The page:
Once upon a time, back when I was in grad school, I decided that I was going to learn to speak a foreign language. I'd enjoyed learning Latin in high school and college, but I felt like I'd missed out never having learned to carry on a real-time conversation with actual non-English-speaking foreigners. And since there were so many foreign students in the math department where I was studying for my Ph.D. (who could help me practice speaking their native tongue) -- it was an opportunity I didn't want to waste!
So I picked French as my new language, and I bought a stack of books and tapes and obsessively studied until I got to the point where I could carry on a rudimentary conversation. Then I scheduled regular conversation outings with various grad students who were from French-speaking countries, and by the time I got the opportunity to travel to France -- to spend a month attending a special semester of Number Theory at a university in Paris -- I was already able to carry on a perfectly reasonable conversation in French, as long as the person I was talking to was fairly patient.
When I arrived in Paris, I had plenty of opportunity to practice my new skill on the people of the math department I was visiting. And it seemed like everybody was complimenting me on how well I spoke French, to which I would respond with a faux-modest "merci" and then launch into the grand epic tale of how I'd taught myself to speak French. That was one of the stories I was really, really good at telling in French. ;^)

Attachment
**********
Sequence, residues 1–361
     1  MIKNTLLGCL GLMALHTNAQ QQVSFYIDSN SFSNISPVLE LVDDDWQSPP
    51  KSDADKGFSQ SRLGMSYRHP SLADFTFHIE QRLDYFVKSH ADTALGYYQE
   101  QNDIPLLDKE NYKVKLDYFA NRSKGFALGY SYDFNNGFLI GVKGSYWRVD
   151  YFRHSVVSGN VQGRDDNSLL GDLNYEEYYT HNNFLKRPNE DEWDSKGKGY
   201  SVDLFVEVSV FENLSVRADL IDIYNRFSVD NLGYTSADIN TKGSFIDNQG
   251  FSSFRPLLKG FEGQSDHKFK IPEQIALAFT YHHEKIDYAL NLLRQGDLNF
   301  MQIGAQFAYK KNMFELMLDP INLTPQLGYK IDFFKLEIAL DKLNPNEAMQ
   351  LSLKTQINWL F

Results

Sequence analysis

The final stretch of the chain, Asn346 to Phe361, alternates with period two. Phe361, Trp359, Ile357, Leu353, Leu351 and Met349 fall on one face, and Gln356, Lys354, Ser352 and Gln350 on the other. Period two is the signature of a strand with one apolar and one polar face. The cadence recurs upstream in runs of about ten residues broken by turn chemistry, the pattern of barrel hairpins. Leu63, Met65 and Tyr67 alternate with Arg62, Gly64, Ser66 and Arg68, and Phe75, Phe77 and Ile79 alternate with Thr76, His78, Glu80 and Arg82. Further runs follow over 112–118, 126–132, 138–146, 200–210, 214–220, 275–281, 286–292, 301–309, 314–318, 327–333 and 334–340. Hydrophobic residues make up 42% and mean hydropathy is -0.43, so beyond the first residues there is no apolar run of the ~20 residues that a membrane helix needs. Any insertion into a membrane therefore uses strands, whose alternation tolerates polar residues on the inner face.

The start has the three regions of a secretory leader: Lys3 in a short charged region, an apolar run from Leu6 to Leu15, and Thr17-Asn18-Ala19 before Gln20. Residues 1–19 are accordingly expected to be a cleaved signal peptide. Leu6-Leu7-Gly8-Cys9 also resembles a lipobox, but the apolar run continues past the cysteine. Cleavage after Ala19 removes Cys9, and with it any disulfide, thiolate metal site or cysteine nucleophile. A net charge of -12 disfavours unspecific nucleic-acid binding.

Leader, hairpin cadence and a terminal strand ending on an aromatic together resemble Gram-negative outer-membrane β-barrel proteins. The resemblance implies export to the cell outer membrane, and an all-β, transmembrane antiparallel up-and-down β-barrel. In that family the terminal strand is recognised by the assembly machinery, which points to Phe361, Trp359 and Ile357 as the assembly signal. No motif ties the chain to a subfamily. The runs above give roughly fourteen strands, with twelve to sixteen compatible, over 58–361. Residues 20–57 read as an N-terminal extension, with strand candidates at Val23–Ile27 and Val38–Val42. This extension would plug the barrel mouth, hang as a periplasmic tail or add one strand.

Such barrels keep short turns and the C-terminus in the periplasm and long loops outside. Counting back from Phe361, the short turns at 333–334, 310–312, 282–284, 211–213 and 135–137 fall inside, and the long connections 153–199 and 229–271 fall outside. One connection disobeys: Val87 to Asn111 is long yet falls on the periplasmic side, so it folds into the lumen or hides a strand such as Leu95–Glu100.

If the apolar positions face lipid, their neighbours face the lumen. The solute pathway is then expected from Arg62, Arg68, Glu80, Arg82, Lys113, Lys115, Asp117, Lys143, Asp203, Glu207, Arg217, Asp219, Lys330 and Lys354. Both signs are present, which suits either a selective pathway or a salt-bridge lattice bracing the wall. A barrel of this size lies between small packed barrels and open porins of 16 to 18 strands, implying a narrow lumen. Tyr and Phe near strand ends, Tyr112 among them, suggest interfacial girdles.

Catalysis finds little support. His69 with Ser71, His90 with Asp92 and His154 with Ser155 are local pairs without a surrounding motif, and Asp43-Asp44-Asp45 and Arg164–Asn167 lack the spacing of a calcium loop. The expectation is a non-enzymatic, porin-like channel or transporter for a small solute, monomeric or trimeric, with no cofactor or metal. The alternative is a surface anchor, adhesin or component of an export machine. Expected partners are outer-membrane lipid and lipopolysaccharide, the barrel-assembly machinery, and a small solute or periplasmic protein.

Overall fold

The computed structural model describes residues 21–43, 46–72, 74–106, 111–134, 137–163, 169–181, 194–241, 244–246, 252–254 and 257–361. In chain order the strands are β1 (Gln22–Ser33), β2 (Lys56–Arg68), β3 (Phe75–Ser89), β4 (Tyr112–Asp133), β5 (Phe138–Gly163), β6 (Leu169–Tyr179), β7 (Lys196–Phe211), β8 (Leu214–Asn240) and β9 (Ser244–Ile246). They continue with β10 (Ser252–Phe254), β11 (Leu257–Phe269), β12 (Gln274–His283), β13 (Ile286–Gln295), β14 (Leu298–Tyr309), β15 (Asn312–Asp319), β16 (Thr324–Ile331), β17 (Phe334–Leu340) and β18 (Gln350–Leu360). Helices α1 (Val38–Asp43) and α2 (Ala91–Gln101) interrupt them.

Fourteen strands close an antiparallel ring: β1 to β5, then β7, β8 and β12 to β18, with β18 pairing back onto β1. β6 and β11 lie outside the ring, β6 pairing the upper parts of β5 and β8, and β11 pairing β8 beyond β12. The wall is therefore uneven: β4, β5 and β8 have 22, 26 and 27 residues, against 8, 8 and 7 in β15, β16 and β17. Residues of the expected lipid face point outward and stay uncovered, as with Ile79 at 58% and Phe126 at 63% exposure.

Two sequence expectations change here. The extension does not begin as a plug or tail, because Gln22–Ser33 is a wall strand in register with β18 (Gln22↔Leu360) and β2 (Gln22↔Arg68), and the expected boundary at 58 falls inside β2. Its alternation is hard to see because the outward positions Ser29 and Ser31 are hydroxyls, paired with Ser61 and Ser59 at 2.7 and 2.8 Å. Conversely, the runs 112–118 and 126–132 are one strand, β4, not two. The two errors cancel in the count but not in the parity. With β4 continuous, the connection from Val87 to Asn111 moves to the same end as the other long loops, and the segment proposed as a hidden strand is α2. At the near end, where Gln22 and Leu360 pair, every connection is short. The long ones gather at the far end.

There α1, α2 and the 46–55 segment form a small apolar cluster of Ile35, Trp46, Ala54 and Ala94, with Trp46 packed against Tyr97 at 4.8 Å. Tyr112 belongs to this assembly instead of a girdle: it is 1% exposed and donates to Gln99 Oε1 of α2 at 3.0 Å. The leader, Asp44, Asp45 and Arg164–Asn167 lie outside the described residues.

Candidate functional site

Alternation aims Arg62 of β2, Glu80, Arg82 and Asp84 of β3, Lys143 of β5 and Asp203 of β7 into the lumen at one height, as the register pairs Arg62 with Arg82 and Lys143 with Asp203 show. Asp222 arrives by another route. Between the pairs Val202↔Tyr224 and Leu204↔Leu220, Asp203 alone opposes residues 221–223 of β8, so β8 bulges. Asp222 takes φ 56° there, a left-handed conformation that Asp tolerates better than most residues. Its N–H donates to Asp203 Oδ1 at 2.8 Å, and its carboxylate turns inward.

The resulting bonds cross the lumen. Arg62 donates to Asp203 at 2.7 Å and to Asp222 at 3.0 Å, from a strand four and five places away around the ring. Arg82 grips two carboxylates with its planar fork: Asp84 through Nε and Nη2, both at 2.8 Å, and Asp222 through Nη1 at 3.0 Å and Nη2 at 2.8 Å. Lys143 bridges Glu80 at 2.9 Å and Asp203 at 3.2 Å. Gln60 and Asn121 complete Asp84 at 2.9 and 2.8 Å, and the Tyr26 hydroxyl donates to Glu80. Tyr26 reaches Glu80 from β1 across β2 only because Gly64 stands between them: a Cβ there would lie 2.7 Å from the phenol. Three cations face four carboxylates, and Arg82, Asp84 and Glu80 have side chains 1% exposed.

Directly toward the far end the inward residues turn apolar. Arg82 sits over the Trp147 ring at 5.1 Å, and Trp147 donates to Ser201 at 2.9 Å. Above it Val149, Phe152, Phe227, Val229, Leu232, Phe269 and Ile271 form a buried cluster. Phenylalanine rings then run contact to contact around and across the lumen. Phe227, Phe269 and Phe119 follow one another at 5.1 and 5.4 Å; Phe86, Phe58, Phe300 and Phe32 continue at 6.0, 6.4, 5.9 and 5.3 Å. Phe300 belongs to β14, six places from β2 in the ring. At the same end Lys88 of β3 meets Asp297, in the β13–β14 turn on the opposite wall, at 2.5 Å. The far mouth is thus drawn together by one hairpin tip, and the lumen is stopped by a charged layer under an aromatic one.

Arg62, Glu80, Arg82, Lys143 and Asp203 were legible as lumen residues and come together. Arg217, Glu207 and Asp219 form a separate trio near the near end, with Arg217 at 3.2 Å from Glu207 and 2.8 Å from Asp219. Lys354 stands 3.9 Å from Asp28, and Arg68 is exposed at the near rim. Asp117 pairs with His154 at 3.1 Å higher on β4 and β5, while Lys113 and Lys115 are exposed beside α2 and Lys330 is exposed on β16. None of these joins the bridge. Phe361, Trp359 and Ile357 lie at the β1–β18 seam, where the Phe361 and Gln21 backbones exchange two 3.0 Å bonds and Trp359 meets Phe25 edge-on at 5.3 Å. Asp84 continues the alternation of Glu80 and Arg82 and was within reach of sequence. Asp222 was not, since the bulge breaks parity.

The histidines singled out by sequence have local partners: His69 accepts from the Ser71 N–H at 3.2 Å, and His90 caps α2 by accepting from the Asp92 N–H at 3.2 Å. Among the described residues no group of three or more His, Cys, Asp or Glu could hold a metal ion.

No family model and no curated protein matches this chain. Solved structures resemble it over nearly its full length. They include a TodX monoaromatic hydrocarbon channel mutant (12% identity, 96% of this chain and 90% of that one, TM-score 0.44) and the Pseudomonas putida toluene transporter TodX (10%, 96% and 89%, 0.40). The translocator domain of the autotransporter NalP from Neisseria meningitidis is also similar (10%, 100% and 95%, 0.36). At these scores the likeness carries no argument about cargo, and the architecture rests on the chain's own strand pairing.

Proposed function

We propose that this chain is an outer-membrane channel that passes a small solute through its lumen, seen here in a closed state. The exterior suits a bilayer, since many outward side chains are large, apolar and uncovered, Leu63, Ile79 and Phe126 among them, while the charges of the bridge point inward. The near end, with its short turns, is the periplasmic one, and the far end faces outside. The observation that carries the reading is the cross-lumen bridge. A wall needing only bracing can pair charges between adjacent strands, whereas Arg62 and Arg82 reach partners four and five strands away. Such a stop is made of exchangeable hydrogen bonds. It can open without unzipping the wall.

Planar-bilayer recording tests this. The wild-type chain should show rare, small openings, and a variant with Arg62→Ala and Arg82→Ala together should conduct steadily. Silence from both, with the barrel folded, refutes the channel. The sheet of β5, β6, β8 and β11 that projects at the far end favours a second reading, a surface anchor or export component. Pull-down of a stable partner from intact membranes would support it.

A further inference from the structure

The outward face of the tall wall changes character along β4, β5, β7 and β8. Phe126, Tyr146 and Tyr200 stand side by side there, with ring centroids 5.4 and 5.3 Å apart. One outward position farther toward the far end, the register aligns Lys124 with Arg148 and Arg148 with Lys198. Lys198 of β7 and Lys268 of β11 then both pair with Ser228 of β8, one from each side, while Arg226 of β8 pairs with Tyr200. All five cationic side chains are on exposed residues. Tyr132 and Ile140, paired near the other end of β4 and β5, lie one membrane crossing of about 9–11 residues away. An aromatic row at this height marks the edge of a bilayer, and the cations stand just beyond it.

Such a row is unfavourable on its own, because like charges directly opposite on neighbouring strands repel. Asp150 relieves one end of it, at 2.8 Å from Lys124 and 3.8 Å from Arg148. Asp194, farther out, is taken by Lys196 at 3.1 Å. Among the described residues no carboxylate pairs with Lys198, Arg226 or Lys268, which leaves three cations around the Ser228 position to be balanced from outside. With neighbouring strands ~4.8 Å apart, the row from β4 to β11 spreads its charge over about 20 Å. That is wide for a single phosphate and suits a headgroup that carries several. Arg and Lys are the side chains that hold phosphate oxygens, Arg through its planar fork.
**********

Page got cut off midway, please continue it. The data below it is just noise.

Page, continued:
Then towards the end of the month, the compliments started to dry up. What's worse, instead of complimenting me, the new people I would meet would actually correct me -- pointing out errors in grammar and pronunciation in the middle of a conversation!
This annoyed me at first (especially since it limited my opportunities to regale people with my favorite grand epic tale), but I felt better after I thought about it a bit. When someone arrives fresh off the plane, obviously enthusiastic about speaking the language and capable of a reasonable conversation, but is making errors in every sentence, what are you going to say? The natural response is something like "Wow, you speak French well; you're learning fast..." Whereas when I'd gotten to the point where people were bothering to correct one lone mistake in the middle of a conversation, it must have meant that the other stuff I'd said was mostly right.
Thus I concluded that criticism is often a compliment. I think this is a general lesson that applies to a lot of life circumstances.
(The humility-restoring post script to my grand epic tale: now my five-year-old son Nicolas corrects my French. He's not even lenient about it either, he's like "Mom, it's not puissant, it's puissante," and he follows up with an exaggerated eye-rolling that says "duh, Mom, where did you learn to speak French?")